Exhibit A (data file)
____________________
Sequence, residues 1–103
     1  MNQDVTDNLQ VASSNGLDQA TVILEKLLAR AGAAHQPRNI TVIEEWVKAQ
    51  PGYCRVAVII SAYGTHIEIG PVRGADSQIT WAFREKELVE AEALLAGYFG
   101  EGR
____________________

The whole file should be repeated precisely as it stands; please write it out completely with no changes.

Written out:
Sequence, residues 1–103
     1  MNQDVTDNLQ VASSNGLDQA TVILEKLLAR AGAAHQPRNI TVIEEWVKAQ
    51  PGYCRVAVII SAYGTHIEIG PVRGADSQIT WAFREKELVE AEALLAGYFG
   101  EGR